In Creating an Online Resume: Hands-On Training, interactive design professor and enthusiastic educator Laurie Burruss teaches how to produce an online resume—and create a first web site in the process. Laurie suggests structure and information needed to create a winning resume, and shows how to design the pages with simple typographic principles and effective layouts. She explains how to use Cascading Style Sheets (CSS) and control the design and structure of HTML documents through hands-on development. Exercise files with additional supporting materials accompany the course.

Topics include:
  • Creating a simple text document for use inside Dreamweaver
  • Formatting HTML tags with semantic or meaningful markup such as unordered and definition lists
  • Externally linking a Cascading Style Sheet to a web page
  • Creating and applying unique styles to XHTML documents using HTML tags, compound selectors, custom classes, and IDs
  • Creating tiling background images in Fireworks
  • Using the DIV tag in combination with CSS to create effective layouts that organize content
  • Applying principles of web typography
Laurie Burruss

Online resources and applications

As we are learning about typography for the web and how to be better web designers and use typography more effectively in the design of our web pages, and in this case our online resume. I'd like to show you three online applications that help you with your design and help you understand how to create the right and appropriate CSS. This first one is fun little application for online. It's in beta. It's called My Fonts WhatTheFont and it's a little bit like, if you own an iPhone, the application Shazam.

You upload an image of some text or a typography that you like. So for a little example I've downloaded an example from this actual website. I'm going to browse right now, and it's called got milk. It's on my Desktop and I'll click on Open, and you can also refer it to an image that's on the Internet, which is really, really helpful. So, if you see a really cool image of some typography that you like, you can actually put in the URL. Now, I'm going to click Continue and then you have to help it sort of guess what letters that it's looking at.

It separates the eyes into two parts. So, there is the G, the O, the T, the M and here I'd just have to do the guess for it, and then here's the L. And again, it has separated the question mark. It has the top of that question mark here, in the bottom here. So it just put it in one box. So I'll put that question mark in the last box. And once you've got the guessing done for what characters that you trying to locate. Go ahead and click on step two to continue on. And then you get your results and over on the side if you watch, this is very cool, this got milk is what we submitted and here is its top guess.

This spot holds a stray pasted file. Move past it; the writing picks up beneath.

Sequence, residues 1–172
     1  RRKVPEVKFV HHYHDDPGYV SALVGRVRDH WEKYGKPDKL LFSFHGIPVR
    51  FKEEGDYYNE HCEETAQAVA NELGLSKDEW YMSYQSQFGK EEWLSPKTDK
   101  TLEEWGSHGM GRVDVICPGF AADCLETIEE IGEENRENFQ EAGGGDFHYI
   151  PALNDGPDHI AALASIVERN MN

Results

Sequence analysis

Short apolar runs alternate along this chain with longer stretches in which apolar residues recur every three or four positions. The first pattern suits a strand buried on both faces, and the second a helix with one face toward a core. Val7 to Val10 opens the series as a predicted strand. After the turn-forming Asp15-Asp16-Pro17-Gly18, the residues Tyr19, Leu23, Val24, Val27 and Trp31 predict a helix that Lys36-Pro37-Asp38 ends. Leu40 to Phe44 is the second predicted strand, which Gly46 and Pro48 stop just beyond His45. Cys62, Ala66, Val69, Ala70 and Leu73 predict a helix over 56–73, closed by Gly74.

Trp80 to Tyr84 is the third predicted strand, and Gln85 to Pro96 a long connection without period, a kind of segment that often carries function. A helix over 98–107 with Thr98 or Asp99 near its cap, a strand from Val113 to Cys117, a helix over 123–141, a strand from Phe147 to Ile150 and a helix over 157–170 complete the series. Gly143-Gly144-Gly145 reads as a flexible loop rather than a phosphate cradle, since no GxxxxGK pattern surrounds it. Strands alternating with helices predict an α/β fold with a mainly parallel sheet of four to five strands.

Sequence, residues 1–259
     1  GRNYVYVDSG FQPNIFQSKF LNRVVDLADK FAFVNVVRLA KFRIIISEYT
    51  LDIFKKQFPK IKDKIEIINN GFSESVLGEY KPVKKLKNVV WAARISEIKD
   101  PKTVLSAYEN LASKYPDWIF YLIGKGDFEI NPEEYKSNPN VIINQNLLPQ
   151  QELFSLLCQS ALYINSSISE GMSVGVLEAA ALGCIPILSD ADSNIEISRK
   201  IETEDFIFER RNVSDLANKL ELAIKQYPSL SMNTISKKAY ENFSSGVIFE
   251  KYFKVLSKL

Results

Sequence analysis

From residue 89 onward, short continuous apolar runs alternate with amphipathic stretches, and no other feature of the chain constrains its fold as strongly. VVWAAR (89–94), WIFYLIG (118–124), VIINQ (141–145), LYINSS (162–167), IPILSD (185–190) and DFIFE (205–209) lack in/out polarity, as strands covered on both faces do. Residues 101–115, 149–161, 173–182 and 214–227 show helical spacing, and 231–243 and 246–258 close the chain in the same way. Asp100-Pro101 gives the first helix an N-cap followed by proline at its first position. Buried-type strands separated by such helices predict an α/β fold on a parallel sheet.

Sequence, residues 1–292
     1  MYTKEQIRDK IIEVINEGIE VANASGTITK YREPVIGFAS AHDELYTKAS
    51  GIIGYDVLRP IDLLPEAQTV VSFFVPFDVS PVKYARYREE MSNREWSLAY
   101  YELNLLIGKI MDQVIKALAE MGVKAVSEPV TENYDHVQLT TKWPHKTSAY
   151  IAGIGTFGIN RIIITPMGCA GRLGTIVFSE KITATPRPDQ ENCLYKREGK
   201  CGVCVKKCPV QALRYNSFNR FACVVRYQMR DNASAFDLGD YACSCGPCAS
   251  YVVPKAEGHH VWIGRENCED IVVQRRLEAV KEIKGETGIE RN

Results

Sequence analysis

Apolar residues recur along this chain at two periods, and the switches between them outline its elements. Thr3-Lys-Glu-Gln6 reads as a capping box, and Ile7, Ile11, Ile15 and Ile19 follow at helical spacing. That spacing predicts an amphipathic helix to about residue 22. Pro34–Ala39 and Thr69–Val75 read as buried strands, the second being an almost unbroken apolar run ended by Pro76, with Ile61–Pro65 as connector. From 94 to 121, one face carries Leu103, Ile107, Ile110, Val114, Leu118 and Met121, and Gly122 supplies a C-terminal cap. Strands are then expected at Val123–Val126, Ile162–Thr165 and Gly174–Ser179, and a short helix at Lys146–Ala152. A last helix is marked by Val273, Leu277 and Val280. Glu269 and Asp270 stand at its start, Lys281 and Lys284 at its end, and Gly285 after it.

But because a lot of fonts are very, very similar it will actually give you often five examples of something that's close and it also tells you more about these kinds of fonts. It's narrow. It's Sans-serif. It's kind of Bauhausian. It's geometric, da, da, da, da, da. So, these character ideas will also help you with your design. So, as I would scroll down my screen you can see that in fact the top one was the best guess, but it also gives me enough selections of other fonts that if I see another font where I think this particular type looks a little better, I can choose that. So if you're not used to using typography or you don't have a great knowledge of all the fonts that are available, this is a fun little gizmo to help you do that.

Remember it's a lot like Shazam. You enter the font that you want it to guess at and then it makes that guess. It's got to be fairly contrasted, so that it can see it well, and remember you are submitting images. You're not really submitting type. The second online application is called Type Tester and it's elegant. It's fantastic. What it allows to do is to put in your own text right here in this text box or you can just use the Lorem Ipsum that they're providing. I'm going to use the Lorem Ipsum.